Theresa May has announced that she seeks for there to be general election on 8 June, reversing on her previous position.
The Prime Minister had previously stated that she would not call for a general election, but now believes that one is required to ensure stability during Brexit negotiations.
However, it is no longer the case that the PM can call a snap election whenever they like. The Fixed-Term Parliament Act, introduced in 2011 made it so Parliaments run for five years. There are two ways in which this fixed term can be interrupted; a vote of no confidence, or winning a two-thirds majority in the House of Commons.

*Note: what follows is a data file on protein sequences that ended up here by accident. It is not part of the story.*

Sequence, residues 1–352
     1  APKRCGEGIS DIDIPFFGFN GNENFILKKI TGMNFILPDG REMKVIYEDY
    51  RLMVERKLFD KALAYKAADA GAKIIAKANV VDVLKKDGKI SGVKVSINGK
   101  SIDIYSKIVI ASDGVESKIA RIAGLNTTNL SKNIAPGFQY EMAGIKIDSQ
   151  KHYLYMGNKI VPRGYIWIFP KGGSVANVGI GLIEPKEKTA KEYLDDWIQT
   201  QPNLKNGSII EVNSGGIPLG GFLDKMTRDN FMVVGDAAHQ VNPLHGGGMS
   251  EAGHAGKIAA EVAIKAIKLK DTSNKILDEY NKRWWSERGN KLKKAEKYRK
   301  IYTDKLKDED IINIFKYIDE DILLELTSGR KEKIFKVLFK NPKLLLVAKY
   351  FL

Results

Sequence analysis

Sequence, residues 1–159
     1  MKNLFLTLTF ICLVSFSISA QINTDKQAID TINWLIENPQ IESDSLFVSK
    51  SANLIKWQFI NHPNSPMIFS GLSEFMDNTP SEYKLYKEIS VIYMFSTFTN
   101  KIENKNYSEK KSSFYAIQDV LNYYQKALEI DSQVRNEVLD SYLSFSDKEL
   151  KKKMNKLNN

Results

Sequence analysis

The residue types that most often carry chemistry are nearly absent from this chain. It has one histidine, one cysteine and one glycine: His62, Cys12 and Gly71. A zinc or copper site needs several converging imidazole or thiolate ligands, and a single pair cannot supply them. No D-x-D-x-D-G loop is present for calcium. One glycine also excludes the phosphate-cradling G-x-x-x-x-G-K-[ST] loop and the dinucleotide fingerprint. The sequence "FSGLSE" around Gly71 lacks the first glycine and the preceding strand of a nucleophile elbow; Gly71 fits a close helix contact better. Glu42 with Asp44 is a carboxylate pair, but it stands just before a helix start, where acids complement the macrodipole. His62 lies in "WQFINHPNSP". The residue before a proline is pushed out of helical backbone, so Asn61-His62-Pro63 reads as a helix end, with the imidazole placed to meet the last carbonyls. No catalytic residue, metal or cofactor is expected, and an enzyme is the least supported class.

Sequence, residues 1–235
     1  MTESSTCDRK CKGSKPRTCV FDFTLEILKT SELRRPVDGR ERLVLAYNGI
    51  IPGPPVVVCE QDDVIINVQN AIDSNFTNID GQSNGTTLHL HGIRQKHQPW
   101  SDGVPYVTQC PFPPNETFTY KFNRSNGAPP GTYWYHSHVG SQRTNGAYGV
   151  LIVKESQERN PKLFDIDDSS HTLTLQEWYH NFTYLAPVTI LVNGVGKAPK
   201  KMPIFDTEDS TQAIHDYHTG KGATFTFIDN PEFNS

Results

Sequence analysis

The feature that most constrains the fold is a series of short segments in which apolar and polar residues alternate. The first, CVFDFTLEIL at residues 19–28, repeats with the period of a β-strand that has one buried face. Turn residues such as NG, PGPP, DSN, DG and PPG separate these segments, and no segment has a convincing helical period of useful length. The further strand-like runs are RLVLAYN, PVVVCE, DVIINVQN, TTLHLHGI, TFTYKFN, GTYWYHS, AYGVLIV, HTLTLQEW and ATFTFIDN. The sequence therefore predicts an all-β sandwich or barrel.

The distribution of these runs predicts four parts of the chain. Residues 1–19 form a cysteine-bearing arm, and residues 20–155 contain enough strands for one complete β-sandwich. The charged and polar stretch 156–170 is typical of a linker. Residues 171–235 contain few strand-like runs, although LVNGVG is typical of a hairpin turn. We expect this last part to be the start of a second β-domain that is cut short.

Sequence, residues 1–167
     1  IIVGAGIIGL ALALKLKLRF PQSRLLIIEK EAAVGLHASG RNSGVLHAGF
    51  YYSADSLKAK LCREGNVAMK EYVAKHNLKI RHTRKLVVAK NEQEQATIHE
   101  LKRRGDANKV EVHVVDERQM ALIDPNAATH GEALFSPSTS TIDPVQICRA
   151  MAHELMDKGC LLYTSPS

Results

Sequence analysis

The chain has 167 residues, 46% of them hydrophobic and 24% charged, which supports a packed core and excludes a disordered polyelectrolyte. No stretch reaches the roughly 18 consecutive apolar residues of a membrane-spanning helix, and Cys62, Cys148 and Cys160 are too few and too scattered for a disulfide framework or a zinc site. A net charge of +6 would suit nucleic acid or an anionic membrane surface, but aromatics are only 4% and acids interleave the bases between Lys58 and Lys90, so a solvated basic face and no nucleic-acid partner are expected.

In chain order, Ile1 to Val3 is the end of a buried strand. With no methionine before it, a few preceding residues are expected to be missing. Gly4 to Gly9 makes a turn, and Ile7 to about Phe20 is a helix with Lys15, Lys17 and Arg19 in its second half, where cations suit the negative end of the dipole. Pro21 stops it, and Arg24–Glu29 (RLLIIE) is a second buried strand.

Theresa May has opted for the latter, which although a more elegant solution, does require her to get considerable backing from Labour.
Labour Leader Jeremy Corbyn has long stated he would welcome a general election, and reaffirmed that position today, despite his party languishing in the polls by 21-points. However, the reality is that Labour have little choice to but to vote through the general election, as an opposition party refusing the call for a general election is unprecedented.
Should the vote pass, a general election will be held on 8 June.
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